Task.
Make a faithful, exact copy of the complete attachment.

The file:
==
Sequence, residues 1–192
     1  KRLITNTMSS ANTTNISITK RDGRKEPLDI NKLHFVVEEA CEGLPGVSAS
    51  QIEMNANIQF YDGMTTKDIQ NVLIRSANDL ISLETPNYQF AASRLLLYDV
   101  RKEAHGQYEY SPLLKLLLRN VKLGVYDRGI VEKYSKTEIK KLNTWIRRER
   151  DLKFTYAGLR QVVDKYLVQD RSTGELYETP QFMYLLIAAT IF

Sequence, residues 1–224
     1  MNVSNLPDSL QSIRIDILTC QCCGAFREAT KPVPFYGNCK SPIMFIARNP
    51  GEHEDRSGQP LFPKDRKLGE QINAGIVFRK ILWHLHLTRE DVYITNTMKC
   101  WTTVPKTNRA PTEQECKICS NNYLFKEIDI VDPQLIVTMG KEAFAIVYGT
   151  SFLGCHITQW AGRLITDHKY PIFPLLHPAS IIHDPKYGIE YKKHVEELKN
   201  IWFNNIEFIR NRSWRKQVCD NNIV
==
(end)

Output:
Sequence, residues 1–192
     1  KRLITNTMSS ANTTNISITK RDGRKEPLDI NKLHFVVEEA CEGLPGVSAS
    51  QIEMNANIQF YDGMTTKDIQ NVLIRSANDL ISLETPNYQF AASRLLLYDV
   101  RKEAHGQYEY SPLLKLLLRN VKLGVYDRGI VEKYSKTEIK KLNTWIRRER
   151  DLKFTYAGLR QVVDKYLVQD RSTGELYETP QFMYLLIAAT IF

Sequence, residues 1–224
     1  MNVSNLPDSL QSIRIDILTC QCCGAFREAT KPVPFYGNCK SPIMFIARNP
    51  GEHEDRSGQP LFPKDRKLGE QINAGIVFRK ILWHLHLTRE DVYITNTMKC
   101  WTTVPKTNRA PTEQECKICS NNYLFKEIDI VDPQLIVTMG KEAFAIVYGT
   151  SFLGCHITQW AGRLITDHKY PIFPLLHPAS IIHDPKYGIE YKKHVEELKN
   201  IWFNNIEFIR NRSWRKQVCD NNIV